|The square property near Tuxedo Safeway|
|Can't be the only one looking at those swaths of land|
|Going to the Dogs?|
|If housing, what kind?|
If housing was to go on the site, what kind of housing? A number of people, including a nearby church, thought maybe seniors housing. Such a project requires someone taking the bull by the horns and no one did so the idea fizzled. The Free Press suggested high density housing but as pointed out Lanark Street might not be able to accommodate it. And Jane Jacobs said high density can't simply bowl over a neighbourhood without consequences.
The school division eventually sold the entire site to a developer called 386 Beaverbook Developments.
Public hearing were held and the development company showed a design similar to the bay designs that line the west of Lanark Street now. The city flatly said no. When they said no more parks, they meant it. There might have been wide support ultimately for the design which also included housing on Beavebrook Street but the city did not want a bay.
|Bay meant more traffic on Lanark Street|
Moreover, Lanark Street has become busier and busier ever since the traffic lights were placed at Academy and four way stop signs at Kingsway. The popularity of the shops and coffee places on Academy plus homeowners parking on the street means that most north River Heights streets are a unbroken line of parked cars 24 hours a day.
Lanark Street is the primary street used to turn left at Academy and it is always busy. The traffic circle at Lanark and Grosvenor funnels even more traffic down the street. A bay would put more traffic on the street. Lastly, Grosvenor Avenue would have been broken up by an alleyway and a pathway to the bay. This would have squeezed Westworth Church even more than roadway changes have already done.
So no bay support from the city.
Another proposal was for houses east and west and the east side of Beaverbook Street with a pocket park at Beaverbrook and Grosvenor.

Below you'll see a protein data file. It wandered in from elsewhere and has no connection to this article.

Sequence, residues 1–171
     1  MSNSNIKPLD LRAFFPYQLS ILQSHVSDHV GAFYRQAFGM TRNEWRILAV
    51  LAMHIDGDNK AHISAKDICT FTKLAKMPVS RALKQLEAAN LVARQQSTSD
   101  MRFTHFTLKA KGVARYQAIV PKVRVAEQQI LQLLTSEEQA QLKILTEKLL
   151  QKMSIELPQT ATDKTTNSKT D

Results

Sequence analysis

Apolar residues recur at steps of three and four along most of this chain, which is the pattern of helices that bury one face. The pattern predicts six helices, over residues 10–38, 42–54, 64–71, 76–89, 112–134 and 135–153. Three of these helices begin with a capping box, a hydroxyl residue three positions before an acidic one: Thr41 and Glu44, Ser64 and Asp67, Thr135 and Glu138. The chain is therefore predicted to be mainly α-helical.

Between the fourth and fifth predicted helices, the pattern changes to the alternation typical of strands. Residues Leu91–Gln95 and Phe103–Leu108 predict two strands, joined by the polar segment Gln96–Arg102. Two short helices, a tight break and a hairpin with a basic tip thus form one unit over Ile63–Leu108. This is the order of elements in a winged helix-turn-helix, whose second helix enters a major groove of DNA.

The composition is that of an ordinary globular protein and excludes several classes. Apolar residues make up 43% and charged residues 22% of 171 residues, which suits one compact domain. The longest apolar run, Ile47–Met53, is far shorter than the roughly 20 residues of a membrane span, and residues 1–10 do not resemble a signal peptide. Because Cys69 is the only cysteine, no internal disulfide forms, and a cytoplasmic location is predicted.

|East and West and Beaverbrook and park|
|Still problems with the configuration|
It appears the city favoured an extension of the lane for garbage pick-up and a east-west road and another public lane for garbage pick-up and garages. The one major concession to parks was preservation of a green strip down Lanark and the mature oaks at the corner of the lot.
|East-West road, Oaks at top preserved|
|Houses facing Grosvenor, Church squeezed?|
No one will be completely happy but the construction of 31 new homes in River Heights represents compromises. It puts money in the budget for the Winnipeg School Division to do something else. It gives the city new tax money from homes in a high value area, infills land inside the city, increases density using existing infrastructure.
The church while unhappy that they may have fewer spots in front to park might find they have new church goers as well. Ironically, new homes might attract more families seeking schools in the area...of what once was a school.
Dog owners need spaces. Time for the city to get off their duffs and help find them. I think I have pointed out a few spots already.
"Not in my backyard" cannot prevail without challenge. More people need to take the position of "Not without my involvement" or we achieve nothing.
River Heights gets 31 new family homes. Welcome to the neighbourhood.
By the way, I am looking for many more old Sir John Franklin school pictures. Please send my way.